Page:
Asus Buyers Beware

Last week I upgraded my socket 754 motherboard to another one that supported PCI-E. As I still had my previous processor I thought, why waste it? However, when installing it, I knew the cpu should drop right into the socket holes in the motherboard, however it did not, and when I applied a little bit of force, a few processor pins snapped and bent.
I had installed cpu's before and never encountered anything like this. I thought to myself it must just have been me and I was too forceful.
The next week I went out and purchased a new CPU, having to downgrade to the A64 3000+ from 3200+ as 3200+'s are hard to find in S754. However when installing again, I knew I was going to be a lot more careful. However, a second time the processor did not go in and instead of forcing it again, decided to take a closer look.
Upon checking each hole with my face about 2 inches from the motherboard I noticed the problem. It seemed that there were some holes blocked by the same material that the motherboard socket has.
You can imagine how angry I was, as all this time it was the motherboard that caused this problem.
When I contacted Asus and told them about the problem, the RMA support just said I can return the motherboard and we will send a new one.
Now I understand that as a customer I am liable to inspect the motherboard, but to what degree? Am I expected to look over every socket and inspect every capacitor? I should think not. When asked about the money I had to spend on a new processor because of their defective motherboard, he just repeated his policy explaining when we ship them out they work and I should talk to my retailer because "sometimes retailers do things to their products".
So I called up my retailer and it seems now their in the blaming game. Both the retailer and manufacturer blaming each other, nobody wanting to take the blame for this defect. When you buy a motherboard do you expect it to have problems if it is brand new? Probably not, but as a customer am I at fault if I don't notice these microscopic problems?

If the processor I had purchased was an FX-60 for $1000 plus, this would be a bigger problem. If you buy a laptop that says, support dvd's, and you insert a dvd and it explodes, is the customer to blame? I definatly think not and retailer or manufacturer is liable and one will have to eventually fess up.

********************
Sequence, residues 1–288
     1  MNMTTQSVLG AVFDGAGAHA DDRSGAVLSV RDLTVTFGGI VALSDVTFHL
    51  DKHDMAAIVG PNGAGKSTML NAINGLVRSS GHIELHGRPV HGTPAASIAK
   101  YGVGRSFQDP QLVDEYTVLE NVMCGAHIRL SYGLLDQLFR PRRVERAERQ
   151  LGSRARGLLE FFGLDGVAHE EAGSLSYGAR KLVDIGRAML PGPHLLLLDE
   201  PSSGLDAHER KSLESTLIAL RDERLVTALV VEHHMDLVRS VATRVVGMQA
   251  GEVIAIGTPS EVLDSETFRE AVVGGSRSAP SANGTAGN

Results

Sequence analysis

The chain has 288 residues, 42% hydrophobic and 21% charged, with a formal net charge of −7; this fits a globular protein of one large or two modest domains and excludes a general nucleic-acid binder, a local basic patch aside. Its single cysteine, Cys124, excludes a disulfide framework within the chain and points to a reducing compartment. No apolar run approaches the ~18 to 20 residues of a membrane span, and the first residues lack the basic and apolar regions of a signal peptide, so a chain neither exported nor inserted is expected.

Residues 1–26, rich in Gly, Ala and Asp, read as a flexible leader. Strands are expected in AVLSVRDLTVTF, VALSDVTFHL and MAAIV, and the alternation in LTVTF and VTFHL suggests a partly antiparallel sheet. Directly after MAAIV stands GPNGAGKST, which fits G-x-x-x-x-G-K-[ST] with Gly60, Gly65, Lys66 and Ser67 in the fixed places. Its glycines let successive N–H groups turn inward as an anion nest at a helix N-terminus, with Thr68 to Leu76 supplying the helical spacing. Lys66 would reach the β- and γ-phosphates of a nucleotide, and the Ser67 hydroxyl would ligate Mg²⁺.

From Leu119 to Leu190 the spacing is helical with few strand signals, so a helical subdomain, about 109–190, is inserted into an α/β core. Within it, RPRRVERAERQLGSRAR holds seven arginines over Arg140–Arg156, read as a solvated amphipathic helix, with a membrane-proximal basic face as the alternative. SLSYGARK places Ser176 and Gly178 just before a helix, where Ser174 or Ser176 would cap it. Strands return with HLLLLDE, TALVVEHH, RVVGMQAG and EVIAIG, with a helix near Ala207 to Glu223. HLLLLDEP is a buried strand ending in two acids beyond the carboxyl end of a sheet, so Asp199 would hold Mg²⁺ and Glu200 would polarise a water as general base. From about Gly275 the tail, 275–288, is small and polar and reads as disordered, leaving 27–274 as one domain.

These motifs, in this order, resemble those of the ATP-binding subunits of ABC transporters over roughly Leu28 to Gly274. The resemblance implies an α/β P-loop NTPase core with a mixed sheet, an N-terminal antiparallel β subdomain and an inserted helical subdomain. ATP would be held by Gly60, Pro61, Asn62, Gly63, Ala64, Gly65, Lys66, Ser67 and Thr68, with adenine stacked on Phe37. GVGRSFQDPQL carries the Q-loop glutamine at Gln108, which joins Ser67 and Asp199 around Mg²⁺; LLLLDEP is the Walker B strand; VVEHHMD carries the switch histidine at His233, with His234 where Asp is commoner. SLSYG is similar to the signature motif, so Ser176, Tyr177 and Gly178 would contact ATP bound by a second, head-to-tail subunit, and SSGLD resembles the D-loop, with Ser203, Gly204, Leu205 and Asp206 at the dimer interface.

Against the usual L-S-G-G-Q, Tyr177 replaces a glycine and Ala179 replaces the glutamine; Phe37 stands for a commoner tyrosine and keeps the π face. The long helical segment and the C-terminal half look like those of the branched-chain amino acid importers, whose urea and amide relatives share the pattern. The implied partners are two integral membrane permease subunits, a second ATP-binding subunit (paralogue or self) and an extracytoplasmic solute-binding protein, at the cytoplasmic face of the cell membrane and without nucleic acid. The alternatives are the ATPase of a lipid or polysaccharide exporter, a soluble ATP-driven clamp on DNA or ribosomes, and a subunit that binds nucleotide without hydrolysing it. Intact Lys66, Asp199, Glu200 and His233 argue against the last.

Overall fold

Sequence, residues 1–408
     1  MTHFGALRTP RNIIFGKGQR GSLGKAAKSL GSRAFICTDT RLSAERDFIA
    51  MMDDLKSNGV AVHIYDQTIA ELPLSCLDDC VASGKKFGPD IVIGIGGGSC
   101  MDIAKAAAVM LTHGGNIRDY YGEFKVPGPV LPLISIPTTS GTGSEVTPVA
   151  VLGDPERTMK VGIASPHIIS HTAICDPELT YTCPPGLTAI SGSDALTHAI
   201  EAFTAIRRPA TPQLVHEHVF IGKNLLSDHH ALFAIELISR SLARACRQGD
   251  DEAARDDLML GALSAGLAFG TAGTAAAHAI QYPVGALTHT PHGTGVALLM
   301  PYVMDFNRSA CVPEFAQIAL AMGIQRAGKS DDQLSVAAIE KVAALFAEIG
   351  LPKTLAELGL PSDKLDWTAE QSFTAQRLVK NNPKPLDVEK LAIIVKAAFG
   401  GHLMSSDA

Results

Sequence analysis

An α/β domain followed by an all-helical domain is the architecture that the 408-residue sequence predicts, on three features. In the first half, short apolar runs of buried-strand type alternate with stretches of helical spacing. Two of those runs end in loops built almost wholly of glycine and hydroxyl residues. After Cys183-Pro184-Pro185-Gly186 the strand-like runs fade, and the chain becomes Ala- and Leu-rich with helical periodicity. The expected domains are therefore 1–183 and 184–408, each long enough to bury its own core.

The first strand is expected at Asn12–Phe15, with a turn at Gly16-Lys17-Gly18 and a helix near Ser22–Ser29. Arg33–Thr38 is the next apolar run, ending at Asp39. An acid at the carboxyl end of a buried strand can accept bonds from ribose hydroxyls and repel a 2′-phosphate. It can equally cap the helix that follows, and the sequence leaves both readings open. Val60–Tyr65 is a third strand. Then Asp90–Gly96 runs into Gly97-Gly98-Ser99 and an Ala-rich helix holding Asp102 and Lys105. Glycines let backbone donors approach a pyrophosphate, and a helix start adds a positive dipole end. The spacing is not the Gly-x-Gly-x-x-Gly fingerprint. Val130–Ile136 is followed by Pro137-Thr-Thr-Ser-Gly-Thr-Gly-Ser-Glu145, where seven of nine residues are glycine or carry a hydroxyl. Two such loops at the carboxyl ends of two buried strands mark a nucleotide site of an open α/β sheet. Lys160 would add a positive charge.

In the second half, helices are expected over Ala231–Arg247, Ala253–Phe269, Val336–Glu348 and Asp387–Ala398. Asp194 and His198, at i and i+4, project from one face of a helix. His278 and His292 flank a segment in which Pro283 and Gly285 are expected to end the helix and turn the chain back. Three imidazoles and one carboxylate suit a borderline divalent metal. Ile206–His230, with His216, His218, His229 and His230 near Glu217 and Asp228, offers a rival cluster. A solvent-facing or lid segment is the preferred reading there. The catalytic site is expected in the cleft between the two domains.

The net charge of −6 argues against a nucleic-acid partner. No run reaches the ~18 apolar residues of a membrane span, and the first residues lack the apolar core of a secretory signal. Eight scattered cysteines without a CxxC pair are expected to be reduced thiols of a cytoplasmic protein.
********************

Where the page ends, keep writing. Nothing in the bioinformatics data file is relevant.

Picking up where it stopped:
Your thoughts?
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  1. Any thoughts? Yeah, your an idiot for forcing a processor into it's socket. While I agree that a motherboard should come working, stuff like this happens. I still can't believe you blame this on Asus.
  2. If a CPU won't fall into place, something's wrong. NEVER force a CPU in a socket. NEVER. This rash of bent/broken CPU pins makes me chuckle to myself. :roll:
  3. Ok when I say force, I don't mean push, I mean lightly tap.
    While I do agree it was partly my fault, it still bothers me that Asus won't even admit that their product was defective. Always blaming it on others. Basically their telling us it's your responsiblity to check over our products with a fine tooth comb.
    By the way, that could not have been the only thing wrong with the motherboard. The mobo socket could have been damage and killed my CPU, Asus has a responsibility to check over their products and even though they say things like this are usually caused by the retailer, I highly doubt it. Hopefully someone out there can save themselves a CPU now knowing my mishap. More money to waste... O well.. :(
  4. I remember working on old 486 computers before they had the fancy lever. You did have to work at it a little bit.

    However, with todays sockets the chip should fall into place using only gravity. I can't even imagine pushing on a chip hard enought to bend/break pins.

    wow, just wow.

    In life, we all do things we regret. I know I've done some stupid stuff. However, there comes a time when we have to realize, somtimes we are to blame.
  5. No, actually you're wrong - if there are blocked pin sockets in the socket, then you should realise that right away. I very much doubt that you broke pins with a 'light tap'. If you make motherboards on the scale that Asus does then you cannot possibly check every single one for faults like this. It's not an electrical problem, it's something you could see with your eyes, so it's your fault for not RMAing your motherboard. As for blaming them for the loss of a CPU....